John Howell (Henley) (Con)
In my police force, a lot of what the hon. Gentleman is talking about already happens. The force is already changing how it delivers police services; for example, there is a much bigger emphasis on rural crime. I am not sure how a royal commission would link into that, and what effect it would have on our very different constabularies.
That is a moot point, but the hon. Gentleman's intervention reflects precisely my point: we can no longer have piecemeal changes, with one force doing one thing and another force doing another. A lack of consistency is at the heart of the problem of poor morale within police forces and a lack of engagement, support and trust among many of the public.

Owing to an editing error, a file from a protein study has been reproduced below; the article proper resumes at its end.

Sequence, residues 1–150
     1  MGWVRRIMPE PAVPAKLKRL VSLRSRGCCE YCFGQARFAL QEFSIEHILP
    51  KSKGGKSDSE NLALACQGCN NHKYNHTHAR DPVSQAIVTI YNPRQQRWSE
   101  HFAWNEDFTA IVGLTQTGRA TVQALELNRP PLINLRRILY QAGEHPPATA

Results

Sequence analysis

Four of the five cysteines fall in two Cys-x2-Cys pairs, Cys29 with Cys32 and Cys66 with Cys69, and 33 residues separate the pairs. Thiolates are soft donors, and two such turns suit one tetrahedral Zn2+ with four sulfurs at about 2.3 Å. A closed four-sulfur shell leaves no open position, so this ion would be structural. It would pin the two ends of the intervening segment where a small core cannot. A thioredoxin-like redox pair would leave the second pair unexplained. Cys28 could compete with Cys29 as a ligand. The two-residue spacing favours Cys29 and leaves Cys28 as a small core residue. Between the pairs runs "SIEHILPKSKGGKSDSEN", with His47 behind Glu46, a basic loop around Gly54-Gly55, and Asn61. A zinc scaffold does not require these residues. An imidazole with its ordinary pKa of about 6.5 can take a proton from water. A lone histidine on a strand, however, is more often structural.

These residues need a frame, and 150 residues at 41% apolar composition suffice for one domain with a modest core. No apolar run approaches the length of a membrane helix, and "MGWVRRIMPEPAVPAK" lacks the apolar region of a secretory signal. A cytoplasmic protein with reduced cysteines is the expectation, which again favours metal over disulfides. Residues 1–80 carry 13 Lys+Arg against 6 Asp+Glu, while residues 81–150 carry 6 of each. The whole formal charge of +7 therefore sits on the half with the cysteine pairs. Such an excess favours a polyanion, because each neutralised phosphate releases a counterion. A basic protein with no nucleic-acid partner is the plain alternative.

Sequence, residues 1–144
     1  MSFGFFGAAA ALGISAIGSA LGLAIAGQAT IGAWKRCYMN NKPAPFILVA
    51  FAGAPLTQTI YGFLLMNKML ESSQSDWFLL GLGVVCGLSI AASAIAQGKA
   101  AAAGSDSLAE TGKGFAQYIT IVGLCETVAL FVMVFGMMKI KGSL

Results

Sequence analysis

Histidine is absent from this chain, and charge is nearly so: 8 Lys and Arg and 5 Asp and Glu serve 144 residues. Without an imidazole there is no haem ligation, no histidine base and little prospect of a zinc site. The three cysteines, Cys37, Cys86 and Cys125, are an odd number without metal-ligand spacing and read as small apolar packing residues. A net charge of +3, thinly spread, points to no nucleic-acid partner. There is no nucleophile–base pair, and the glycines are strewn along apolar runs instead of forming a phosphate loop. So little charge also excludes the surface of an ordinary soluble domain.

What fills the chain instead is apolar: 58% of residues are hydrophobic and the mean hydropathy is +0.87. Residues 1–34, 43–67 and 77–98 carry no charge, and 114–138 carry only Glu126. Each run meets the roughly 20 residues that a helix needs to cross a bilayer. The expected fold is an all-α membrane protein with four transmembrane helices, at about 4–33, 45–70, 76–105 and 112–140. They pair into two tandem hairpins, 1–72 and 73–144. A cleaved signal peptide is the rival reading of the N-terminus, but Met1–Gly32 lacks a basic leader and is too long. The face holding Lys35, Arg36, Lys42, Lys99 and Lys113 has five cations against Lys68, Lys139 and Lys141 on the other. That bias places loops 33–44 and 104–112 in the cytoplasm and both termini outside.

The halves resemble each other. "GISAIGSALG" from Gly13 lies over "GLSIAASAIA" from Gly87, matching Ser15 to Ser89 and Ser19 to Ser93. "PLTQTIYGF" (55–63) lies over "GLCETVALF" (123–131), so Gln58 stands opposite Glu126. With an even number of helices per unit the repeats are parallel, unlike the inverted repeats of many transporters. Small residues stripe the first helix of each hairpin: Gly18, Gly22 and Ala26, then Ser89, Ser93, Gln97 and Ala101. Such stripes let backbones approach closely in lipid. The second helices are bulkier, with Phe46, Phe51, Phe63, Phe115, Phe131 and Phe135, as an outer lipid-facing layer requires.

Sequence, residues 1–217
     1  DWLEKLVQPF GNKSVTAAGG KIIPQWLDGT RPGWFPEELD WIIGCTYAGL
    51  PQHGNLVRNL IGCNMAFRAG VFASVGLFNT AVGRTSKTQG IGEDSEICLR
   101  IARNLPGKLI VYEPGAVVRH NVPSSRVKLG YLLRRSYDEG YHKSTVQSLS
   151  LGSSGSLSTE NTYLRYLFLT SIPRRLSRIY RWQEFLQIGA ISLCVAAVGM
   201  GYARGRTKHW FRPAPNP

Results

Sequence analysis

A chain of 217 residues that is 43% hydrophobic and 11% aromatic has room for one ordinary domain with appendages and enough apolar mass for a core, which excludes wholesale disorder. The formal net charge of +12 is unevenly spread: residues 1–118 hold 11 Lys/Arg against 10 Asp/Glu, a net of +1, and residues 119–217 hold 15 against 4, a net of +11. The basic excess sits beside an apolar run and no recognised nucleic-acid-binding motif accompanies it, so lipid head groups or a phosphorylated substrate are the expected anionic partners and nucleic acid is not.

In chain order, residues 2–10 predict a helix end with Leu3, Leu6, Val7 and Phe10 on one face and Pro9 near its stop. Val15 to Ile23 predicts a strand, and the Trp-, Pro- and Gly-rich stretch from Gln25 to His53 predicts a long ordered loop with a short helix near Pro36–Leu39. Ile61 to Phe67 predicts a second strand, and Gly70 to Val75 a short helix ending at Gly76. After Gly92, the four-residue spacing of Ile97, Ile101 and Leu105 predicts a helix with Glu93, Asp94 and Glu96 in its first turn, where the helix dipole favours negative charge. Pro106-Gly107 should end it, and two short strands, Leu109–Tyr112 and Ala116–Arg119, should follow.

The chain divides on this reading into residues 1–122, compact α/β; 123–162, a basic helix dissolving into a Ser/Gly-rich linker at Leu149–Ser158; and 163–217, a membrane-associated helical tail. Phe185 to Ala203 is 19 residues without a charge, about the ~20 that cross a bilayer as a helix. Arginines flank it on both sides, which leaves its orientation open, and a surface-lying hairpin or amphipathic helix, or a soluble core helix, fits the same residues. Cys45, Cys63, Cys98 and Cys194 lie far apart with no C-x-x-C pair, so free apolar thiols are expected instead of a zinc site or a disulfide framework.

The point that I was trying to make was that if we compare Thames Valley police with the Metropolitan police, for example, they are completely different organisations tackling different sorts of crimes. I wonder whether the differences in the make-up of constabularies are now so great that a royal commission would not be able to work across all those different activities.
That is a valid and important point. I understand the temptation to say, "There are lots of difficult things going on and there is a need to take a long-term view, so let us ask some sensible people to take some time, go away and talk to people, and think about this." My concern is not just that which my hon. Friend the Member for Henley expressed, but that a royal commission feels like a rather outdated and static process, given the dynamic situation that we are in.